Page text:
# Pythagorean triplets

Published on 2011-07-22It's been my impression so far that taking on Project Euler problems has been made me think more logically and perhaps more thoroughly. I would hesitate before saying that it has made me think more *mathematically*, as my approach in solving the problems thus far has been to restate them in the formal statements of a computer language and let the processor solve it for me, usually by letting it test all possible answers and then reporting which one was correct. So I thought I would try something with more finesse for problem 9, which reads:

A Pythagorean triplet is a set of three natural numbers,

`a`

<`b`

<`c`

, for which`a`

^{2}+`b`

^{2}=`c`

^{2}

For example, 3

^{2}+ 4^{2}= 9 + 16 = 25 = 5^{2}.

There exists exactly one Pythagorean triplet for which

`a`

+`b`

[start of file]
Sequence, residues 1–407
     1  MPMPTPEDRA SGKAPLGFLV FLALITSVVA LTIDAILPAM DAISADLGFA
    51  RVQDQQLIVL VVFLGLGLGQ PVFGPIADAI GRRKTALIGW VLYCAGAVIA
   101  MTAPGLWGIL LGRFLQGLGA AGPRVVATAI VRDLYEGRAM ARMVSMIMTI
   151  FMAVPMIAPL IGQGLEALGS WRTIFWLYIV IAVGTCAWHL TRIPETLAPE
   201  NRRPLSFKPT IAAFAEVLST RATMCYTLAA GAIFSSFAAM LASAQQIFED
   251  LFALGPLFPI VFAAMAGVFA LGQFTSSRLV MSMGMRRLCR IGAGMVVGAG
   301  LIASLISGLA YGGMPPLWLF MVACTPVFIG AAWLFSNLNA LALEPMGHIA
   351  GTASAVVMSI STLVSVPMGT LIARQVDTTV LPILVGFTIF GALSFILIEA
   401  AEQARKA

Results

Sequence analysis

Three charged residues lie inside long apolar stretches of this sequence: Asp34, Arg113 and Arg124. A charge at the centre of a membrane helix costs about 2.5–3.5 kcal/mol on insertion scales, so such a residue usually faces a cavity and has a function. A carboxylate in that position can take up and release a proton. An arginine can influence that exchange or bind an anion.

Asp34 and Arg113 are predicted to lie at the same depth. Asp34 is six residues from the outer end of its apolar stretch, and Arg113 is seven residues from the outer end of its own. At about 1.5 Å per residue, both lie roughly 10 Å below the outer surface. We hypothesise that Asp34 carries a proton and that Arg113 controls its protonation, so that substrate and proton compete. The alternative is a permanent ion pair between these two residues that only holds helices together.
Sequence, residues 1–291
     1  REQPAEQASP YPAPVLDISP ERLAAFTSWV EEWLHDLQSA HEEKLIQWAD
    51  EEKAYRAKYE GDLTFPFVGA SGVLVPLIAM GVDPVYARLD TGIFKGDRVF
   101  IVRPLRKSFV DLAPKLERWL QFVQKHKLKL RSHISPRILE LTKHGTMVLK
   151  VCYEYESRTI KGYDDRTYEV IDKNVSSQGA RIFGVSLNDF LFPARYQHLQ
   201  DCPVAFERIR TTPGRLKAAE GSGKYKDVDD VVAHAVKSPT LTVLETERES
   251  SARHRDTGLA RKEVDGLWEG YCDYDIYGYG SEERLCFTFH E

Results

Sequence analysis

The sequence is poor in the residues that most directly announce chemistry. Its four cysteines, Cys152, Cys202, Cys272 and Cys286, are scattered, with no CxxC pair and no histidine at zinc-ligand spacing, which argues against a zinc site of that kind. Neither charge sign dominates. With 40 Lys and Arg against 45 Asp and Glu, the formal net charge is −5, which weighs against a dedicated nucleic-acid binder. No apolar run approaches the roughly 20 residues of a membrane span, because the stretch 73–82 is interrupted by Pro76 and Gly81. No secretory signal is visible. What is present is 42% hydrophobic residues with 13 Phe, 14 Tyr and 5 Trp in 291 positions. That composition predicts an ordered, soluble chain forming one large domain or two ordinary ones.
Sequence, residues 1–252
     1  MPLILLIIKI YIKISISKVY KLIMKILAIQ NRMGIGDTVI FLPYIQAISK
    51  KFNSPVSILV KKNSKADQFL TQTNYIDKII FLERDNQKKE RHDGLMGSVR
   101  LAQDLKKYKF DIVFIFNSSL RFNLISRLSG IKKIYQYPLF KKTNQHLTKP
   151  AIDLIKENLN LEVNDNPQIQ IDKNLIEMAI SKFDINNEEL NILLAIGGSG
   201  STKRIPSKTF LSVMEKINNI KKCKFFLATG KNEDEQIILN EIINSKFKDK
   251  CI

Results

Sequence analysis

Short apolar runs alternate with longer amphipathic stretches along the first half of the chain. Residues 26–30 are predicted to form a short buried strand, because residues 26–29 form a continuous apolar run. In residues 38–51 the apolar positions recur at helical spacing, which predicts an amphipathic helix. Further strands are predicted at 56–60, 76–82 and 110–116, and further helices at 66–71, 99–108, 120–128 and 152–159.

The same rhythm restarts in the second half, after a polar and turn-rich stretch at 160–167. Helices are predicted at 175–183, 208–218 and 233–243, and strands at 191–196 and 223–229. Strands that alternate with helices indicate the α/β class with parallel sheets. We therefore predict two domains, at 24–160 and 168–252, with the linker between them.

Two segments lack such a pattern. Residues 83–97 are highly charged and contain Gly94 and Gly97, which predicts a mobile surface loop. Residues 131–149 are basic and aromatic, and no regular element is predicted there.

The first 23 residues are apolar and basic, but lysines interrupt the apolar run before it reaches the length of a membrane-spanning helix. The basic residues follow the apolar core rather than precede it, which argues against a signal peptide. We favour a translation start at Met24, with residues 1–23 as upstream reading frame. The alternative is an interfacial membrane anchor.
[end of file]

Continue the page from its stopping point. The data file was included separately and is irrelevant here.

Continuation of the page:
+`c`

= 1000.

Find the product

`abc`

.

I tried to find some way to write something elegant, but I gave up fairly quickly and wrote a brute-force solution so ugly it has a `goto`

in it.

using System; using System.Collections.Generic; using System.Linq; using System.Text; namespace Problem9 { class Program { static void Main(string[] args) { int[] result = new int[3]; for (int i = 1; i < 800; i++) { for (int j = 1; j < 800; j++) { for (int k = 1; k < 800; k++) { if ((i + j + k == 1000) && (((j * j) + (i * i)) == (k * k))) { result[0] = i; result[1] = j; result[2] = k; goto Answer; } } } } Answer: Console.WriteLine(result[0] * result[1] * result[2]); } } }